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The Innovators: Dr. Chris Snow


When you work on a puzzle, you put hundreds or thousands of pieces together, right?

Those pieces by themselves don’t necessarily do much. But, when the puzzle is completed, the pieces function together as a big, pretty picture.

And there’s a parallel to this found in nature: proteins.

Proteins are responsible for an incredible amount of stuff in our world. A decent percentage of our bodies is protein from our cell membranes to our hair and nails, signaling proteins help our cells to talk to each other, protein is a huge component in our diets, and proteins can even provide a way for us to study their molecular structures.

…That last one is less relatable, isn’t it?

Well, essentially, scientists have to be able to know what proteins are made up of, what they are. Because if we know what they’re made of, we can know what they are capable of doing. For all the reasons listed above, that would be a pretty nifty thing to know, wouldn’t it?

(In fact, this is what the field of proteomics is dedicated to).

Dr. Chris Snow of the Chemical and Biological Department at CSU.
Dr. Chris Snow of the Chemical and Biological Department at CSU.

So chemical engineers look at proteins and say, “Can I model that? Can I design that? Can I predict what protein I want to grow in order to select for a function? And can I grow it and check that my model works?”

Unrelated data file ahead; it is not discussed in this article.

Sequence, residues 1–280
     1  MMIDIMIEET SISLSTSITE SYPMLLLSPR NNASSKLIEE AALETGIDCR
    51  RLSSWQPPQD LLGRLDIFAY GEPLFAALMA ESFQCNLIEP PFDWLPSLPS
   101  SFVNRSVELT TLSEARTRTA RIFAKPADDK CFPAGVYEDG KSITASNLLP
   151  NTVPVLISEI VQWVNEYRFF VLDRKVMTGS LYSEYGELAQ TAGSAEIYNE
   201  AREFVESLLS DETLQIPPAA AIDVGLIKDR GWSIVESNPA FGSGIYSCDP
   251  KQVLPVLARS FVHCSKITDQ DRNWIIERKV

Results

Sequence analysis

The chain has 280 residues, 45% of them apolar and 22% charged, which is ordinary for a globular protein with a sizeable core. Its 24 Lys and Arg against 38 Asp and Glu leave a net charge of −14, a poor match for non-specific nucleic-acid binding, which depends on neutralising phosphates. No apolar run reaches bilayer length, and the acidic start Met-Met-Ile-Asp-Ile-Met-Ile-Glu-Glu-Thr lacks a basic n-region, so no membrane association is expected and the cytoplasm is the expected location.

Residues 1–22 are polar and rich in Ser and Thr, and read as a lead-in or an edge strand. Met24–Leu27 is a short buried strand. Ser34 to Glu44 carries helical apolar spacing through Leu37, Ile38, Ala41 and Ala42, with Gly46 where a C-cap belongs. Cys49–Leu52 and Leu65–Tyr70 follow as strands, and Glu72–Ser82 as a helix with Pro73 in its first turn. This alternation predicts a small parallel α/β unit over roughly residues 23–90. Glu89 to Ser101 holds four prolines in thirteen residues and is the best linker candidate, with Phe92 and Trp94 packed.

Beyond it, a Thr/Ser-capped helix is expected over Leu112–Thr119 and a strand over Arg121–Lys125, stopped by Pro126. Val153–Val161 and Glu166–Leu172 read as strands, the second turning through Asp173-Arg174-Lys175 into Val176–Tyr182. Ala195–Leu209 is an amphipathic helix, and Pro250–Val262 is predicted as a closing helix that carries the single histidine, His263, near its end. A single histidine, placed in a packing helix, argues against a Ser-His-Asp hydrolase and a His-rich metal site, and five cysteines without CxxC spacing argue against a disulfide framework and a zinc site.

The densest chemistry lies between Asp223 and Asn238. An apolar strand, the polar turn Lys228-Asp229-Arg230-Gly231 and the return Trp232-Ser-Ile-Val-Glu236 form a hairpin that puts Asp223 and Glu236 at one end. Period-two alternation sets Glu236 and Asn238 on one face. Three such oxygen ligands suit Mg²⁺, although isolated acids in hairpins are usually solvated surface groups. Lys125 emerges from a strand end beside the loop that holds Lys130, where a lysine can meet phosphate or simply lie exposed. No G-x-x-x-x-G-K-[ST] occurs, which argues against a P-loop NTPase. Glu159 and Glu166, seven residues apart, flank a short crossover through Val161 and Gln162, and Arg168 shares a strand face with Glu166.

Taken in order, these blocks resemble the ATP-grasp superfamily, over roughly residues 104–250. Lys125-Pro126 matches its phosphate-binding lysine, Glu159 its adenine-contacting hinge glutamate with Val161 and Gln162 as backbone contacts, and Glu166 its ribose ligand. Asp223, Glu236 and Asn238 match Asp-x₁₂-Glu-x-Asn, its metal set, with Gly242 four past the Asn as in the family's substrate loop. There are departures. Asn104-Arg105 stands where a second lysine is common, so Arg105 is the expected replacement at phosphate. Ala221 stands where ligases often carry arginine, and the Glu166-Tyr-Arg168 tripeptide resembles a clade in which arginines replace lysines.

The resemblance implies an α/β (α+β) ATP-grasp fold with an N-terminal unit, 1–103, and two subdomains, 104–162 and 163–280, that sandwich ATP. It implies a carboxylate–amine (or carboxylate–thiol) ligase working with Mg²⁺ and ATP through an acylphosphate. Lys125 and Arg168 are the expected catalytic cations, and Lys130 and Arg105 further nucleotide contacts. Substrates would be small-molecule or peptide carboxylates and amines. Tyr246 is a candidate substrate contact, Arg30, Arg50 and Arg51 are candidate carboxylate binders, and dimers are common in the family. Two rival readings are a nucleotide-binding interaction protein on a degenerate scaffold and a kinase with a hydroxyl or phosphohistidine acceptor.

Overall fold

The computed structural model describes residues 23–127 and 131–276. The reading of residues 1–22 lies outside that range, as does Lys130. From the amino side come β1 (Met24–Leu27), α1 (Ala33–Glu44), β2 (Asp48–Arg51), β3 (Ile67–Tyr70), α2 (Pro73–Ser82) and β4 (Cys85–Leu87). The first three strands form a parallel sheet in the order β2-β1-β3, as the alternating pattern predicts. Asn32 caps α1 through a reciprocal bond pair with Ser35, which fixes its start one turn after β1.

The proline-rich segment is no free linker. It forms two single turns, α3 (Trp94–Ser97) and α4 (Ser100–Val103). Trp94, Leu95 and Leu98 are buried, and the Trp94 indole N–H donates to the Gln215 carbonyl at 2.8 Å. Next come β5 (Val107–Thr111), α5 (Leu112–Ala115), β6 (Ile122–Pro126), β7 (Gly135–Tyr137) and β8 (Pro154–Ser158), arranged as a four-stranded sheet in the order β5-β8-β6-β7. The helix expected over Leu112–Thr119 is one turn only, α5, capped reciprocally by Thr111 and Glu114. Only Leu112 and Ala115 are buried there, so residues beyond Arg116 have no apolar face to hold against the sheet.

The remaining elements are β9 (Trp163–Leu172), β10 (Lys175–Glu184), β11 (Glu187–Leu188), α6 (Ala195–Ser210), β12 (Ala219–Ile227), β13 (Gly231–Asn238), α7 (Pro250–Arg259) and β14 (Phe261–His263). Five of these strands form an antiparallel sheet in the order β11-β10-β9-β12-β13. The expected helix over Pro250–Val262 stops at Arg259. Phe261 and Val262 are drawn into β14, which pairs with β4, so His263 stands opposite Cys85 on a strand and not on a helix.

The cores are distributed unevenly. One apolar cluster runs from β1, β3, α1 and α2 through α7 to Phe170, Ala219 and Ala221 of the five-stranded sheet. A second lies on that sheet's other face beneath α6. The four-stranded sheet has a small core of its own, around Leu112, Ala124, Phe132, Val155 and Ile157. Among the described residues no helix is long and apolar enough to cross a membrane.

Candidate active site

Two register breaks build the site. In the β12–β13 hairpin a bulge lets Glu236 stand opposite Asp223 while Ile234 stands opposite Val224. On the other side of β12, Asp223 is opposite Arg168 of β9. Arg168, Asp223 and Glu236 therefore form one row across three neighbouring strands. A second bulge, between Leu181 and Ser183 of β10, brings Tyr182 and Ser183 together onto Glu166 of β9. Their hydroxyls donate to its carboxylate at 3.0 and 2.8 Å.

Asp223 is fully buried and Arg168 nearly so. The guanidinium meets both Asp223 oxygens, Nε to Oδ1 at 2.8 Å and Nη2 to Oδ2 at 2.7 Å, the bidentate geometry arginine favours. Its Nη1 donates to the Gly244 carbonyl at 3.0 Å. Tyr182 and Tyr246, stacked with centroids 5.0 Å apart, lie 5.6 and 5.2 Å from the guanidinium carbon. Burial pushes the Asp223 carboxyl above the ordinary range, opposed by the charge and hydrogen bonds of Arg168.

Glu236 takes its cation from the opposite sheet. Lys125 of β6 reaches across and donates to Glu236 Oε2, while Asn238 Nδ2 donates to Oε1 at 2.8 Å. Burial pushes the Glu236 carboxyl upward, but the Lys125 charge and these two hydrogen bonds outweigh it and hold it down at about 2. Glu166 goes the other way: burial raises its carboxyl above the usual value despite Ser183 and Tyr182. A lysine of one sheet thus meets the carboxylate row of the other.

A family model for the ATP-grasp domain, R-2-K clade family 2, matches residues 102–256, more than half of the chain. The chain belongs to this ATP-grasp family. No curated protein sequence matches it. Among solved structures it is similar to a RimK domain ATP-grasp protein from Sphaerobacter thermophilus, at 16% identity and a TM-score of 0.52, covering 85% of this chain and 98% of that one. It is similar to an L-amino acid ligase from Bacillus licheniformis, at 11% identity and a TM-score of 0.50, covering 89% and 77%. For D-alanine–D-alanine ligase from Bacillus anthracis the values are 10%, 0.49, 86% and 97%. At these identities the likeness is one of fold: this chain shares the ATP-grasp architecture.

And this is exactly what Dr. Chris Snow studies.

Dr. Snow, my guest for the interview below, is an Assistant Professor with the Chemical and Biological Engineering Department. And he studies the behavior of proteins. He has an impressive background and body of work, having earned degrees at MIT and Stanford.

Something I am discovering in a few of my talks with researching professors on “The Innovators” is the role creativity has played (or continues to play) in their lives. So this interview with Dr. Snow delightfully brings up his past hobbies of swing dancing and cello performance.

The interview also includes Dr. Snow discussing what challenges protein engineering can present. But, you will also hear about Chris’s life, the hectic work Assistant Professors are responsible for, and how he balances his demanding job with being a father of a five year old.

If you would like to know more about the work that Dr. Snow and his group do at Colorado State University, you can visit their website here.

The background music heard in this podcast comes from:

Ghostwriter, RJD2